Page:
The prognosis for the retail music industry in the early years of the twenty-first century is not promising. Sales of compact discs (CDs) fell almost 9 percent during 2002 and were expected to continue to fall.
This category covers establishments primarily engaged in the retail sales of musical instruments, sheet music, and similar supplies.
This category includes establishments primarily engaged in the retail sale of prepared food and drinks for on-premise or immediate consumption. Caterers and industrial food service establishments are also included in this industry.
This category includes establishments primarily engaged in the retail sale of alcoholic drinks, such as beer, ale, wine, and liquor, for consumption on the premises. The sale of food frequently accounts for a substantial portion of the receipts of these establishments.
Establishments in this industry are engaged in the retail sale of prescription drugs, proprietary drugs, and nonprescription medicines and may also carry a number of related lines, such as cosmetics, toiletries, tobacco, and novelty merchandise. These stores are included on the basis of their usual trade designation rather than on the stricter interpretation of the commodities handled.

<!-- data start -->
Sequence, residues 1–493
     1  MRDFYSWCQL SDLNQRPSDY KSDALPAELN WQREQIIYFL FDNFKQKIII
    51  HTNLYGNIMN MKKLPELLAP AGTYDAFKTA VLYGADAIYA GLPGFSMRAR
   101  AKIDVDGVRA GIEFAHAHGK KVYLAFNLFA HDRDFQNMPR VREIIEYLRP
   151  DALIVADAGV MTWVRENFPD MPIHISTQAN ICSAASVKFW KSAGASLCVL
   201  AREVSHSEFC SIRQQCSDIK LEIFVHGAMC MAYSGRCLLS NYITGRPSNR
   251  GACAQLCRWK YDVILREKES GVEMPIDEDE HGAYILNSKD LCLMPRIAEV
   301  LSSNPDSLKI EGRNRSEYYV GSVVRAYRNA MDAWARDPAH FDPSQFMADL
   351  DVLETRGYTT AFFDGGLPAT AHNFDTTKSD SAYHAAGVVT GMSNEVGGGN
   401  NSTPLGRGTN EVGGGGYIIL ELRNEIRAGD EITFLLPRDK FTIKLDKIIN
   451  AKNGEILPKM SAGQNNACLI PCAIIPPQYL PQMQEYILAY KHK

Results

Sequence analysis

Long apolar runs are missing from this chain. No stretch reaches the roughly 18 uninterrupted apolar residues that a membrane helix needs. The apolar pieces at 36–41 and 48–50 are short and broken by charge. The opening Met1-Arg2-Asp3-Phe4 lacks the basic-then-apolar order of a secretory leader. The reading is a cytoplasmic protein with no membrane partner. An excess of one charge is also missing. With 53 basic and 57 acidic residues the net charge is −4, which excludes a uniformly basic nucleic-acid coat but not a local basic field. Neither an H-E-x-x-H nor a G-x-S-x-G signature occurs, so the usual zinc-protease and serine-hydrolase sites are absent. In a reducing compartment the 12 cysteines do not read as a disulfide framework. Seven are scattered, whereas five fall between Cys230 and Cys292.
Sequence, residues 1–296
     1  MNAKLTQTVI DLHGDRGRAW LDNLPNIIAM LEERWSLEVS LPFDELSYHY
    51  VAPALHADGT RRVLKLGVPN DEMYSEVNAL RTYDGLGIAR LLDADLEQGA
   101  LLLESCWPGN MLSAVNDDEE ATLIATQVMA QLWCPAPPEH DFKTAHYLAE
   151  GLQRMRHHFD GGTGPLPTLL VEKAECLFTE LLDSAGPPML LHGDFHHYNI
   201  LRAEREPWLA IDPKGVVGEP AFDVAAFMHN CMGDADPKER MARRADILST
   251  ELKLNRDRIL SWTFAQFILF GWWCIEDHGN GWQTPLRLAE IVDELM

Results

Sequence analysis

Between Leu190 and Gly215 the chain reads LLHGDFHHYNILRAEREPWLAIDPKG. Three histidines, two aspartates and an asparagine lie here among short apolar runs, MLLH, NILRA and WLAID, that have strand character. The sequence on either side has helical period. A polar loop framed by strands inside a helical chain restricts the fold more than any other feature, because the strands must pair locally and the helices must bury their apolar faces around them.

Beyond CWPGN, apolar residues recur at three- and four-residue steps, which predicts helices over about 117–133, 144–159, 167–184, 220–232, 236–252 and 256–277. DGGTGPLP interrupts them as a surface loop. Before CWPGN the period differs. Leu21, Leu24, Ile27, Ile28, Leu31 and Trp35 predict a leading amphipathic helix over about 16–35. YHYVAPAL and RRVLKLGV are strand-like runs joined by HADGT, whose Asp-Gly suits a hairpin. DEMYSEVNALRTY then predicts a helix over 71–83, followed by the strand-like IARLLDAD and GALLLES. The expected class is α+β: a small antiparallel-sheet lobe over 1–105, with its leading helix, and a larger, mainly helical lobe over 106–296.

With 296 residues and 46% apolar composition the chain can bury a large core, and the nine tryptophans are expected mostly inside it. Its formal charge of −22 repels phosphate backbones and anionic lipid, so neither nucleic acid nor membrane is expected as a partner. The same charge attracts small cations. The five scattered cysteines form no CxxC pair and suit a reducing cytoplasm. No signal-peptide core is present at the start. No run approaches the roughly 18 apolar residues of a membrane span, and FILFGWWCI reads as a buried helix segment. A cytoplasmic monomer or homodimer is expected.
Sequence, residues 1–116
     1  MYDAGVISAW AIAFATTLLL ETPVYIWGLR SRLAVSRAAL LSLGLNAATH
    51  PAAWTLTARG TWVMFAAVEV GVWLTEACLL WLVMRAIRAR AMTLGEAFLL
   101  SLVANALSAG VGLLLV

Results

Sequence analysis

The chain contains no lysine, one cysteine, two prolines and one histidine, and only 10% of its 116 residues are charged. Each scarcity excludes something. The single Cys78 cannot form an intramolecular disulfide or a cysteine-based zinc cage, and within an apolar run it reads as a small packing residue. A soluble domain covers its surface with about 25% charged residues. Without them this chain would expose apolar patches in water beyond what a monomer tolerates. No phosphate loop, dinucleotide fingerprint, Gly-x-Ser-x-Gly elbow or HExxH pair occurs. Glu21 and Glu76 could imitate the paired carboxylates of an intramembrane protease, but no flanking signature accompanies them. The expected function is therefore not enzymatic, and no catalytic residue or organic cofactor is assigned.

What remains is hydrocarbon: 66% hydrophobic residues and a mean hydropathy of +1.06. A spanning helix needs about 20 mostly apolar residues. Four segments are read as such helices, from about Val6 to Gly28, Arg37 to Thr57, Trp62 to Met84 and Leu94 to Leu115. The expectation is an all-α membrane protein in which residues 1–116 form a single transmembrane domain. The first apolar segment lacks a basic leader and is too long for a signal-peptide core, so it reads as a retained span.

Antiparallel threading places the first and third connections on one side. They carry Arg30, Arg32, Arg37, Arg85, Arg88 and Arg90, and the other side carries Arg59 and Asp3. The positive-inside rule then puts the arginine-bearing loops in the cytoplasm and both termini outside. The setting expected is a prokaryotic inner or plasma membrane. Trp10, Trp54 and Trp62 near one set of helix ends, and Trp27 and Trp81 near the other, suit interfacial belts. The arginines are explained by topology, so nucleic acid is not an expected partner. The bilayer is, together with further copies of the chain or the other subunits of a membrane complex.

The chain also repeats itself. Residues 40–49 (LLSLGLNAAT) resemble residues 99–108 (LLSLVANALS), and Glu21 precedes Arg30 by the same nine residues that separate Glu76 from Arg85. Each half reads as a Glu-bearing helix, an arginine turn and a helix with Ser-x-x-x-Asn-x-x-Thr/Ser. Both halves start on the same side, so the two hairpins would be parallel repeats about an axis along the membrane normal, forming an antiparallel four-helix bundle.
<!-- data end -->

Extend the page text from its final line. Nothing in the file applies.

In 2001, according to the U.S. Census Bureau, there were 28,695 establishments engaged in the retail sale of packaged alcoholic beverages.
This category includes establishments primarily engaged in the retail sale of used merchandise, antiques, and secondhand goods, such as clothing and shoes, furniture, books and rare manuscripts, musical instruments, office furniture, phonographs and phonograph records, and store fixtures and equipment. This industry also includes pawnshops.
One of the most striking features characterizing the industry in the late 1990s and early 2000s was the consumer shift from smaller, local sporting goods stores to so-called "big-box" retailers, or sporting-goods superstores bringing together an exceptionally wide product line under one roof. Combined with the explosive growth in e-commerce sales of sporting and recreational goods, this development gave the industry a complete facelift.
As did the entire U.S. economy, booksellers struggled during the first years of the twenty-first century.
According to the U.S. Census Bureau, there were 8,787 establishments engaged in the retail sale of stationery in 2001, employing approximately 127,922 people with an annual payroll of $2.7 billion.